“The investigation team did not discover sufficient evidence to believe that coaching staff knew about the ongoing hazing conduct.”

Nonetheless . . .

“The University took steps to eliminate hazing from the football program.”

To translate: something unspecified happened, though it’s open to interpretation as to how bad it was. But whatever happened, even if it wasn’t so bad, NU promises it won’t happen again. OK? Now get on with the rest of your lives cause there’s nothing more to see here.

The executive summary also announced Fitzgerald was being suspended without pay for the next two weeks, which happen to be the slowest weeks in college football, just before a new season begins. So it kind of amounts to an unpaid vacation.

After which Fitzgerald would return to coaching and, presumably, helping raise money for that new stadium. Except . . .

On Saturday, July 8, the Daily Northwestern ran a story based on interviews with a couple of players, including the whistleblower, that revealed the details the executive summary neglected to mention. They “involved coerced sexual acts” such as forcing freshmen “to strip naked and perform various acts, including bear crawling and slingshotting themselves across the floor with exercise bands.” And a yearly tradition called “the carwash,” in which the article states “players would stand naked at the entrance to the showers and spin around, forcing those entering the showers to ‘basically (rub) up against a bare-naked man.’”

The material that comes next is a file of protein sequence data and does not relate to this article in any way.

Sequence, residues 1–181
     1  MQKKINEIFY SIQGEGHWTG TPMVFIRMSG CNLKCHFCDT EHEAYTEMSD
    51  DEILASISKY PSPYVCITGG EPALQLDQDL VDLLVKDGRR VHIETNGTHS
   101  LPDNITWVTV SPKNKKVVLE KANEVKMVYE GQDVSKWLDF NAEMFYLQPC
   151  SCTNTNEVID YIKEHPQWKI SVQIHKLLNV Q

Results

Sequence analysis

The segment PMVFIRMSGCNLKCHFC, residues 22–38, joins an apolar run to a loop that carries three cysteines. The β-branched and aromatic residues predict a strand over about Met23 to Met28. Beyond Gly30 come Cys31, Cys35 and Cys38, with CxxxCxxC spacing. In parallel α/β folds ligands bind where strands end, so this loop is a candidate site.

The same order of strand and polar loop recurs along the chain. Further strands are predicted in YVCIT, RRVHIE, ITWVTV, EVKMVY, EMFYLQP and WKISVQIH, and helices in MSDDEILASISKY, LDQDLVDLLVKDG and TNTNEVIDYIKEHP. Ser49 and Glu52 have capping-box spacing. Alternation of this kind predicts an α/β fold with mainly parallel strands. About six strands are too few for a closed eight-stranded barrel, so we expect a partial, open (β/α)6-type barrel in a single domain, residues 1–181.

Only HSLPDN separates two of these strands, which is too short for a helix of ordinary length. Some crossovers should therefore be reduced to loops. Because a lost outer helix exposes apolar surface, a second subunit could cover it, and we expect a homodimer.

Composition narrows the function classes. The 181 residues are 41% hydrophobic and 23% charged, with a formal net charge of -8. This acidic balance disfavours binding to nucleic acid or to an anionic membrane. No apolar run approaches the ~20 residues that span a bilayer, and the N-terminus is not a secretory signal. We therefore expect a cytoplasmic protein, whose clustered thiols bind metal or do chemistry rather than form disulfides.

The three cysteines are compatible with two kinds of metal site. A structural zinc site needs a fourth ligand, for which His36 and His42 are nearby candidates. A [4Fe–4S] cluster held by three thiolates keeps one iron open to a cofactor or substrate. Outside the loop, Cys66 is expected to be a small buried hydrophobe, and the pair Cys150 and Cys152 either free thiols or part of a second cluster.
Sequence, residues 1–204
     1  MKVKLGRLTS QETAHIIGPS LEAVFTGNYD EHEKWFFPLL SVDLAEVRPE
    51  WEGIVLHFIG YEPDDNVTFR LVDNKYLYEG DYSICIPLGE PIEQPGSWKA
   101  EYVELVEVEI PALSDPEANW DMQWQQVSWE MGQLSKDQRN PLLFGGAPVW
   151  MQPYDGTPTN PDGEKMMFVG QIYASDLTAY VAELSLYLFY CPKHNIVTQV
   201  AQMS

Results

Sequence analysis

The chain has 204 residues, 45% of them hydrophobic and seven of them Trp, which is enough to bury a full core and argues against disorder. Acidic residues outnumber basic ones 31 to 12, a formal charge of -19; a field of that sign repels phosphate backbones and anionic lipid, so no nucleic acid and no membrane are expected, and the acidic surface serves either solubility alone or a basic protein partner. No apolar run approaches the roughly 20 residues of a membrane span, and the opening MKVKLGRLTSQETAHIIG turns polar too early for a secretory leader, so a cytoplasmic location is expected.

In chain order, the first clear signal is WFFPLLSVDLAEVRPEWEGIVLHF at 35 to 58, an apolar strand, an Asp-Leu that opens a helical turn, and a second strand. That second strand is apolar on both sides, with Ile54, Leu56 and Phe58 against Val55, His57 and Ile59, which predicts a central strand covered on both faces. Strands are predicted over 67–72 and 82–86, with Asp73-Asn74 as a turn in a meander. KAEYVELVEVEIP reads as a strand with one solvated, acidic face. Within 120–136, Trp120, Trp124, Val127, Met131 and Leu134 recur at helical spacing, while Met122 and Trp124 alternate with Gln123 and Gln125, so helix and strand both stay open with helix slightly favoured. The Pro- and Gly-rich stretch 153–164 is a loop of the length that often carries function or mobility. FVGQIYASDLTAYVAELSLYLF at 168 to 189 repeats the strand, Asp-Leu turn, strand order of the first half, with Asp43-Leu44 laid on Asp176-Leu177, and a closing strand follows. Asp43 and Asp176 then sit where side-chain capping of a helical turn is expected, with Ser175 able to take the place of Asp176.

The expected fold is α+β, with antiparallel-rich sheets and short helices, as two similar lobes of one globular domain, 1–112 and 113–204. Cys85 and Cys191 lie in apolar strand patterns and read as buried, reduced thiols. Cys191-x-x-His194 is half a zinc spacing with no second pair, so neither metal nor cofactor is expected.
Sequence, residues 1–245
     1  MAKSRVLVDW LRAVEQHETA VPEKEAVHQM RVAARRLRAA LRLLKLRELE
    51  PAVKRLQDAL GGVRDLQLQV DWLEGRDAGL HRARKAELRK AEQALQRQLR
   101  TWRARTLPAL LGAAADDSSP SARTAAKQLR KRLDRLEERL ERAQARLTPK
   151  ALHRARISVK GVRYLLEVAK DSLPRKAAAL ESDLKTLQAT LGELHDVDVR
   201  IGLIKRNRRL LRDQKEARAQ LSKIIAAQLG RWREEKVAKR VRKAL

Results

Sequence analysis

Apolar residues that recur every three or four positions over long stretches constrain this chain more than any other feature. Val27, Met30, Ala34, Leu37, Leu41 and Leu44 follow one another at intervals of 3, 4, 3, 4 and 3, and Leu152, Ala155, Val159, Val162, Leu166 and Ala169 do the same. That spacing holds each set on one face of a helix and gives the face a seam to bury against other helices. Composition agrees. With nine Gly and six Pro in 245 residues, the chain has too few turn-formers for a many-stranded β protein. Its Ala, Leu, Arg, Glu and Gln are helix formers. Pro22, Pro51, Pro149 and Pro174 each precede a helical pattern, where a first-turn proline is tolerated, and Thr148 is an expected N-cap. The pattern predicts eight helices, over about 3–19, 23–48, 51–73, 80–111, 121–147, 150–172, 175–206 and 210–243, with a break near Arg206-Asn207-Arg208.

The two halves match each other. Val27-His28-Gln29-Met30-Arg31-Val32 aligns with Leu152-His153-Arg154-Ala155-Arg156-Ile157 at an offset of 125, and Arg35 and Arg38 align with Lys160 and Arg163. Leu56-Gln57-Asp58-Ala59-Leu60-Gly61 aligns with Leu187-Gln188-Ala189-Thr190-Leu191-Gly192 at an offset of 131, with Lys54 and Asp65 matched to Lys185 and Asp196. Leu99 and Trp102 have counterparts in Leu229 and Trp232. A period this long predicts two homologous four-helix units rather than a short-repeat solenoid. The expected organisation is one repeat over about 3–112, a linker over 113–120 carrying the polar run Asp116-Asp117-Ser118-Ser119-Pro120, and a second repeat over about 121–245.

The article also mentions that the whistleblower alleged that he witnessed and was forced to participate in “a naked center-quarterback exchange, wherein a freshman quarterback was forced to take an under-center snap from a freshman center, while both players were naked.”

The article went viral. Suddenly people from coast to coast—even those who cared nothing about college football—were gobbling up the details of the scandal that Northwestern had clearly tried to bury with that vague “executive summary” dropped on a Friday afternoon.

Later Saturday night, President Schill announced he was considering a harsher punishment for Fitzgerald. On Monday, Schill fired him. Apparently having read the article in the Daily—and realizing the scandal was being covered by almost every major news outlet in the country—he concluded that what happened in the locker room was bad after all.

Call me jaded, but my guess is NU decided that hazing was bad for the “safety and well-being” of NU students after they realized it might be even worse for the well-being of a new stadium.

Now all hell is breaking loose with new revelations of hazing and lawsuits against the university by players. Fitzgerald has hired his own lawyer, Dan Webb. Who knows, maybe he’ll file a lawsuit. This story will be around for a long time.

It’s another example of the “Streisand Effect,” a phenomena named for Barbra Streisand, who didn’t want the public to see pictures of her Malibu mansion. Pretty much guaranteeing that everyone saw it.

In other words, the more you try to conceal something from the public, the more the public will want to see it. Especially if it involves the bad behavior of naked men in locker rooms. Go Cats!